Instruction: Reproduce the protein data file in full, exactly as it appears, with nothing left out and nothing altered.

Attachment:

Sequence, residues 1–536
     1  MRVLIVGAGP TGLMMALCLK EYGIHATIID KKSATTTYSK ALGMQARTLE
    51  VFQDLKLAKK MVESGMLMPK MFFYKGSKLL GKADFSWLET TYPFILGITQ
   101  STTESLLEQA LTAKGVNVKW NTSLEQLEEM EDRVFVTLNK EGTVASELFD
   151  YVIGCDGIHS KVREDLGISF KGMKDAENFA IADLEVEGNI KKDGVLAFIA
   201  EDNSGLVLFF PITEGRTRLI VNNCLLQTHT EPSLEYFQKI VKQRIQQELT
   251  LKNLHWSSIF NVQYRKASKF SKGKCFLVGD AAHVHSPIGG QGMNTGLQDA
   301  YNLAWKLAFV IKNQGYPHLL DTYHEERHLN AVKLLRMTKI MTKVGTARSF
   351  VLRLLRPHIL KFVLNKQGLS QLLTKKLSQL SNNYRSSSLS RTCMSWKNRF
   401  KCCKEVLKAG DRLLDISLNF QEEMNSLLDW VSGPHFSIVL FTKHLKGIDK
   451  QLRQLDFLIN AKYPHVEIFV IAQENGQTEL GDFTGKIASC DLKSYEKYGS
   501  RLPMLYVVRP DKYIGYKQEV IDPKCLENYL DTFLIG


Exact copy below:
Sequence, residues 1–536
     1  MRVLIVGAGP TGLMMALCLK EYGIHATIID KKSATTTYSK ALGMQARTLE
    51  VFQDLKLAKK MVESGMLMPK MFFYKGSKLL GKADFSWLET TYPFILGITQ
   101  STTESLLEQA LTAKGVNVKW NTSLEQLEEM EDRVFVTLNK EGTVASELFD
   151  YVIGCDGIHS KVREDLGISF KGMKDAENFA IADLEVEGNI KKDGVLAFIA
   201  EDNSGLVLFF PITEGRTRLI VNNCLLQTHT EPSLEYFQKI VKQRIQQELT
   251  LKNLHWSSIF NVQYRKASKF SKGKCFLVGD AAHVHSPIGG QGMNTGLQDA
   301  YNLAWKLAFV IKNQGYPHLL DTYHEERHLN AVKLLRMTKI MTKVGTARSF
   351  VLRLLRPHIL KFVLNKQGLS QLLTKKLSQL SNNYRSSSLS RTCMSWKNRF
   401  KCCKEVLKAG DRLLDISLNF QEEMNSLLDW VSGPHFSIVL FTKHLKGIDK
   451  QLRQLDFLIN AKYPHVEIFV IAQENGQTEL GDFTGKIASC DLKSYEKYGS
   501  RLPMLYVVRP DKYIGYKQEV IDPKCLENYL DTFLIG